May 29, 2018 Richard Mansfield

NEW! New Studies in Biblical Theology (42 volumes)

We are pleased to release 42 volumes of the ongoing New Studies in Biblical Theology series from InterVarsity Press. Edited by D. A. Carson, these titles are now available for the Accordance Bible Software Library as a bundle or by individual title.

Note: click/tap images below for a larger view.

Biblical vs Systematic Theology

What’s the difference between biblical theology and systematic theology? The IVP Pocket Dictionary of Theological Terms is a good source for finding descriptions that distinguish between the two. I’ve added a screenshot above for you to read the full definitions of both disciplines. The definition for systematic theology has a key phrase: “an organized system of thought.” The definition for biblical theology describes it as a summary of “a biblical text or of a biblical author without imposing any modern categories of thought on the text.”

Think of it another way: systematic theology begins with just that—a system, and biblical thought is then organized according to that system. Biblical theology begins with describing what the Bible says without concern for systematic categories. Biblical theology can be referred to with subsets such as Old Testament Theology, New Testament Theology, Pauline Theology, Johannine Theology, or theology of Proverbs or Isaiah or Psalms, for instance. Biblical theology will often focus on specific topics or themes: the Holy Spirit in Ezekiel, grace in Deuteronomy, or eschatology in Mark. There’s an effort to make systematic theology avoid discrepancies or seeming contradictions. Biblical theology can sometimes be a bit more “messy.” There’s not as much interest for everything in biblical theology to fit into nice and neat categories. Biblical theology simply lets the data fall where it may.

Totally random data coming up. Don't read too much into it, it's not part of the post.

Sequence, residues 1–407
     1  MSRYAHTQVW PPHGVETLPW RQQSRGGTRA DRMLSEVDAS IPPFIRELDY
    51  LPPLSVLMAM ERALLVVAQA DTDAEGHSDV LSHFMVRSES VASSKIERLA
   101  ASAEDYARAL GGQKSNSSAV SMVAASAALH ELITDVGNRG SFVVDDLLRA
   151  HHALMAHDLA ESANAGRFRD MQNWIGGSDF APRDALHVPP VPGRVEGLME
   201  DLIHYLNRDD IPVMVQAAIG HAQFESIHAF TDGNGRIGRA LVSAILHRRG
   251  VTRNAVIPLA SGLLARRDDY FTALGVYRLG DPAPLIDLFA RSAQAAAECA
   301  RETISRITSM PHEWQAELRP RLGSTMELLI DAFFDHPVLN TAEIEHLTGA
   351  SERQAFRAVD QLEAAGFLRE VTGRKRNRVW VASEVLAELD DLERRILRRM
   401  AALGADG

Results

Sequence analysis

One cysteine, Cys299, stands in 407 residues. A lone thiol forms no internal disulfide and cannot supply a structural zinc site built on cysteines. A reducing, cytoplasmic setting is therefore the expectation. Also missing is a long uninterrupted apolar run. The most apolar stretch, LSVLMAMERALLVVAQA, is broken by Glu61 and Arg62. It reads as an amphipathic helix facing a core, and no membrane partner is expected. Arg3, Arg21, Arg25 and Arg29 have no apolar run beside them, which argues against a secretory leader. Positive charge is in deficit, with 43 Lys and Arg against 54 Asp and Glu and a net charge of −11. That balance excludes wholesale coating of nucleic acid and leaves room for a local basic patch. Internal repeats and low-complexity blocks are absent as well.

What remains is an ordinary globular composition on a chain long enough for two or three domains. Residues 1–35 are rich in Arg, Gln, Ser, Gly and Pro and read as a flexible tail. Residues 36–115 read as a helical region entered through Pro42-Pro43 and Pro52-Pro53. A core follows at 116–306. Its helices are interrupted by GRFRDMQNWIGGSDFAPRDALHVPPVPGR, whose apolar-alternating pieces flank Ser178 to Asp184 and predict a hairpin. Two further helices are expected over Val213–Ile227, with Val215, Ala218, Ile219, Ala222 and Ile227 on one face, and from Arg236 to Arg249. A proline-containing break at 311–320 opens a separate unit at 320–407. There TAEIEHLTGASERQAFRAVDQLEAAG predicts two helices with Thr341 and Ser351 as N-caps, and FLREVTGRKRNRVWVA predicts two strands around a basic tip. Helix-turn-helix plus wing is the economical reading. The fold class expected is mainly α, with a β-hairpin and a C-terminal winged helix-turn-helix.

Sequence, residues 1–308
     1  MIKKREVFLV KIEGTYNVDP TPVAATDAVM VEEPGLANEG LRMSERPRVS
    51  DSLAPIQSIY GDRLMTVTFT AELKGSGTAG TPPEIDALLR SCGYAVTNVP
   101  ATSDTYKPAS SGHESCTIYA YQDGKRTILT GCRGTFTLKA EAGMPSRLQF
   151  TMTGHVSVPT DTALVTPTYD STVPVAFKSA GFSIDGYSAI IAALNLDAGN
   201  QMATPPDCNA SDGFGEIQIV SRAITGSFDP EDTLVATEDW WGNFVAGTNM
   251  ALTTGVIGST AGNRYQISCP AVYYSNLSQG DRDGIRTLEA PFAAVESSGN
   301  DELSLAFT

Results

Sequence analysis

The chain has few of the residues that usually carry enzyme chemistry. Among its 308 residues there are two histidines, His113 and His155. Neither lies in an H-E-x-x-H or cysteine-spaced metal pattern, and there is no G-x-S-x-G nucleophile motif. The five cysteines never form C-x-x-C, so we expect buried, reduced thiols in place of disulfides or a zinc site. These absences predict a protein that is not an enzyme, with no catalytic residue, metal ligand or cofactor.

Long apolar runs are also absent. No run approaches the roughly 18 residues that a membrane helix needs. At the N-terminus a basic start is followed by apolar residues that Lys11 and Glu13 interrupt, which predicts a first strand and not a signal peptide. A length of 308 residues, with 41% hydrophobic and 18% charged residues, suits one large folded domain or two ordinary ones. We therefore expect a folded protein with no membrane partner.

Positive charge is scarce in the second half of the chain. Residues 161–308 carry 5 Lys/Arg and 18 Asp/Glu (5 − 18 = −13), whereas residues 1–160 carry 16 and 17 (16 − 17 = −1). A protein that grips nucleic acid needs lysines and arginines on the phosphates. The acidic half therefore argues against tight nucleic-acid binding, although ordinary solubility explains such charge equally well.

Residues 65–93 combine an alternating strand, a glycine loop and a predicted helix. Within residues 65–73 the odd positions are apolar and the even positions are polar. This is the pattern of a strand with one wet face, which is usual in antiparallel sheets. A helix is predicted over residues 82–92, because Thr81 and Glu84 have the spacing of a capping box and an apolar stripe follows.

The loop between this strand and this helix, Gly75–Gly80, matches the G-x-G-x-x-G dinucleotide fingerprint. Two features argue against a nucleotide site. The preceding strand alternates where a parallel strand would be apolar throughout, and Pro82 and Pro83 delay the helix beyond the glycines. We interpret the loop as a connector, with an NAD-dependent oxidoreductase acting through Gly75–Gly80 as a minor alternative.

NSBT Trinity in John Surface Studio

As mentioned earlier, the New Studies in Biblical Theology series (NSBT) is ongoing. The series began in the mid-90s and volumes are still being published. As stated in the series preface,

Contributions to the series focus on one or more of three areas: 1. the nature and status of biblical theology, including its relations with other disciplines (e.g.historical theology, exegesis, systematic theology, historical criticism, narrative theology); 2. the articulation and exposition of the structure of thought of a particular biblical writer or corpus; and 3. the delineation of a biblical theme across all or part of the biblical corpora.

NSBT afterlife iPhone The series itself covers a variety of topics, written by top scholars. Note the titles and subtitles listed below. If you’re still struggling with understanding the distinction between biblical and systematic theology, the focus of these subjects may give you a better grasp of the differences.

The volumes in the NSBT series are for those serious about studying biblical themes, but by design, they avoid being overly-technical. Biblical languages are transliterated, so previous study of Hebrew and/or Greek is not required but may be helpful at times.

NSBT Possessed - Mac

If you’ve been trying to come up with a list for your summer reading, the NSBT series is a great place to start. Purchase the volumes that interest you most, or add the entire series to your personal Accordance Library and read through them systematically—even if they aren’t systematic in their approach to theology!

New Studies in Biblical Theology (42 Volumes)
List Price $931.80
Regular Price $499

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